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rkv_2401

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    121
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  1. Informative
    rkv_2401 reacted to 5x5 for a status update, https://www.notebookcheck.net/AMD-embarrasses-Intel-with-Ryzen-7-HP-ProBook-455-G7-ru   
    https://www.notebookcheck.net/AMD-embarrasses-Intel-with-Ryzen-7-HP-ProBook-455-G7-running-150-percent-faster-than-the-more-expensive-Core-i7-ProBook-450-G7.483882.0.html
     
    Double the performance while running nearly 20*C cooler in the same chassis. Welp, if it wasn't painfully clear intel is irrelevant in laptops, this should prove it definitively.
  2. Funny
    rkv_2401 reacted to Den-Fi for a status update, TFW you should get paid to use Windows...   
    TFW you should get paid to use Windows...
     

  3. Funny
    rkv_2401 reacted to Den-Fi for a status update, My CPU idles at 50C. I am not having a problem. How do I fix it? --The Internet, 2020   
    My CPU idles at 50C.
    I am not having a problem.
    How do I fix it?
     
     
    --The Internet, 2020
  4. Informative
    rkv_2401 reacted to CircleTech for a status update, As someone whose been selling pc parts for quite some time, this is not surprising. M   
    As someone whose been selling pc parts for quite some time, this is not surprising.
     
    Most computer parts tend to follow an unusual trend, and the price trend varies by part:
     
    RAM - 
     
    1-2 years old: prices go down as demand for older RAM reduces. 
     
    5-7 years old: Prices go up as people try to upgrade their older PC
     
    7-15 years old: prices crash and approach scrap value. This has currently happened to DDR2. I cannot make money with DDR2 because I buy it for about $8 scrap and can only sell the same memory kit for $10. Exceptions exist like special high capacity modules (4GB sticks) or branded memory (think Corsair).
     
    20+ years: at this point something interesting happens. The part becomes known as “vintage” and starts to go up again, but only the highest capacity sticks available for that particular platform. As an example, 4GB kits of DDR1 are worth about $30, but 2GB kits of DDR1 are still only worth their scrap value.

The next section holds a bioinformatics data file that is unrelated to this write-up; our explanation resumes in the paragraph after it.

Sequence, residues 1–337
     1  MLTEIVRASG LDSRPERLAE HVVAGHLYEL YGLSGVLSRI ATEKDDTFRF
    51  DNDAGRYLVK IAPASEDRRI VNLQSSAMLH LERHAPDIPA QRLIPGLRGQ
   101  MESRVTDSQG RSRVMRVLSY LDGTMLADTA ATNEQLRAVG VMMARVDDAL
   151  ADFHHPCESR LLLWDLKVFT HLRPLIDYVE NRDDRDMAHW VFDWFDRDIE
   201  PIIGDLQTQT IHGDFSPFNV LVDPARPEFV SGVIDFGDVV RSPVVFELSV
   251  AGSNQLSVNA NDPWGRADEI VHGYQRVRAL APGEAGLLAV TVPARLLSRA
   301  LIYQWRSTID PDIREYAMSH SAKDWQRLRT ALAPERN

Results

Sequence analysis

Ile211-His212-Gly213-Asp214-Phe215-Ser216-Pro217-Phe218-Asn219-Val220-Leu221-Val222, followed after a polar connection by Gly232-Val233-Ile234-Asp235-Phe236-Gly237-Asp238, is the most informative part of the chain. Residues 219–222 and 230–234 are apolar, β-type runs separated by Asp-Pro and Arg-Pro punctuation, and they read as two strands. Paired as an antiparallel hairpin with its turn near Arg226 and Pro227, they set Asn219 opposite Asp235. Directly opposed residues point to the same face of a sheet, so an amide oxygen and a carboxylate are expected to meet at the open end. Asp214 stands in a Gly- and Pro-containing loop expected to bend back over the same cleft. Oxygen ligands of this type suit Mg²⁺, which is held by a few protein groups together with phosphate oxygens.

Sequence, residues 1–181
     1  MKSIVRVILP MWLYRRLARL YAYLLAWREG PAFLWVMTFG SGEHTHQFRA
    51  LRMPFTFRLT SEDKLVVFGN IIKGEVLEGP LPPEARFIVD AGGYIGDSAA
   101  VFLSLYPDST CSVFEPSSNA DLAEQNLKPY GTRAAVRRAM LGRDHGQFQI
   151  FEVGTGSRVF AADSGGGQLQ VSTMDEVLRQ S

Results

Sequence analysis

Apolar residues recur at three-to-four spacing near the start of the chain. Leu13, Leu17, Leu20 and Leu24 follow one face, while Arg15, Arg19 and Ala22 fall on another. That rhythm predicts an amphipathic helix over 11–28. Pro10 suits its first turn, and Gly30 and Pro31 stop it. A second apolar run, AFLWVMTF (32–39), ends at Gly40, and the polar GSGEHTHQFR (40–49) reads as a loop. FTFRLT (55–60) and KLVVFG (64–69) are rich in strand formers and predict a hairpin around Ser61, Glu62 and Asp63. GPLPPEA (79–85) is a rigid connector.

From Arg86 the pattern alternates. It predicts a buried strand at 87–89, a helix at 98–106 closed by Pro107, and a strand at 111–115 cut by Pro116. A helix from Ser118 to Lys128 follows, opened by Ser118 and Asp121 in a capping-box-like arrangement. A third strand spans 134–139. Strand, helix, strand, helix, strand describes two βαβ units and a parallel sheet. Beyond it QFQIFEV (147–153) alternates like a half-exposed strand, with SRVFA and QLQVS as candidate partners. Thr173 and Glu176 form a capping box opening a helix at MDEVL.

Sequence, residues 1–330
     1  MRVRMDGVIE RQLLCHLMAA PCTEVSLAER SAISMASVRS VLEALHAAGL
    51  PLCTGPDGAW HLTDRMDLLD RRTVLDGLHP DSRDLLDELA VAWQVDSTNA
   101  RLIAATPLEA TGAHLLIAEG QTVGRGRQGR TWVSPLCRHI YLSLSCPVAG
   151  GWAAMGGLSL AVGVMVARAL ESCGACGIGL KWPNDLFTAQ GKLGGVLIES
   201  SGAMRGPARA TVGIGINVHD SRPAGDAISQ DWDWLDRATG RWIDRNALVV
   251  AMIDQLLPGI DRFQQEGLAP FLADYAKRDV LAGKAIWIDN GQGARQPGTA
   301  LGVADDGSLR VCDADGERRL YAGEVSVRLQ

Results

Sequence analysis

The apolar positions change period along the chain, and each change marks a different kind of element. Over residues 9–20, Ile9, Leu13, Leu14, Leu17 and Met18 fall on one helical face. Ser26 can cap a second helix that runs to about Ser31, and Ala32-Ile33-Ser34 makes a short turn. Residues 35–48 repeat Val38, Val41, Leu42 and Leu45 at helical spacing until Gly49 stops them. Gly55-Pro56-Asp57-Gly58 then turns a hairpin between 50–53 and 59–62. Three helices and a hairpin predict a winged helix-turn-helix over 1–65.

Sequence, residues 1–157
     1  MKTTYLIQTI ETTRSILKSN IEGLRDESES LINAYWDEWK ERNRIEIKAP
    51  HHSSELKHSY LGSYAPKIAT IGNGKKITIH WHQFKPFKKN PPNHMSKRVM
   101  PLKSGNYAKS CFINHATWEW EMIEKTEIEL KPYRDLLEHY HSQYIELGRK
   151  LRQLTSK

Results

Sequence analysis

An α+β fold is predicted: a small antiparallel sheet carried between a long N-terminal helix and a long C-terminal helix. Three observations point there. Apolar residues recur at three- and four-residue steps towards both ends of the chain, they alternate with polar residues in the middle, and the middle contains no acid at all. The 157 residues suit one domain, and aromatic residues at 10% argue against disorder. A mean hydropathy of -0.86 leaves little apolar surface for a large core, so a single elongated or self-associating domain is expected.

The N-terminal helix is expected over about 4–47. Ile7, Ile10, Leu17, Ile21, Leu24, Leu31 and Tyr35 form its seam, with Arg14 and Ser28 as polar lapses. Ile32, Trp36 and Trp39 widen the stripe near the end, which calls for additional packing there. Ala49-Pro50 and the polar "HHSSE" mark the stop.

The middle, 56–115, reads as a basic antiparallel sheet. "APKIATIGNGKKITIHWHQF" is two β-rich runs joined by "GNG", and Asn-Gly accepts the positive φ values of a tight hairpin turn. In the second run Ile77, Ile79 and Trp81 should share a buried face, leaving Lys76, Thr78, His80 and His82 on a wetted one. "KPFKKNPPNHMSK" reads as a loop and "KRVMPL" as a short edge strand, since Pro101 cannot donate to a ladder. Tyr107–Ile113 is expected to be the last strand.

CPUs:
     
    1-20 years: CPUs have an almost linear trend of depreciation. Some CPUs (like i7s) lose value more slowly than others, but in general CPUs just go down in price.
     
    20+ years: The whole “vintage” thing happens again. Top-of-the-line CPUs for a particular socket (think slot 1 or socket 7) shoot up in value, while older CPUs essentially become scrap.
     
    Motherboards:
     
    Motherboards in general actually do a very good job of retaining value. I think this is because motherboards are usually the first thing to die when a system is upgraded, so they inheriently become more scarce over time.
     
    1-5 years: motherboards slowly lose value as new parts come out
     
    5-7 years: Motherboard prices go up as available boards becomes more scarce. Note some motherboard (enthusiast ones) can skyrocket in price like ones with overlockavle chipsets or Xeon CPU support. But In general, older motherboards suddenly go up.
     
    7-20 years: motherboard prices again start slowly sinking again. Enthusiast mobos have a tendency to retain More value through this time. I still find high end LGA 775 mobs worth $50-80.

    20+ years: same for the RAM. The high-end motherboards end up skyrocketing in value, and the average boards start to appreciate a little bit. Board prices stay high for the foreseeable future.

    So in general, PC parts go down the first five years, go up as older but still usable machines need upgrading, then sink again after 7 years as older machines are replaced. Then after 20+ years they become “vintage” and start to rise again.
     
     
     
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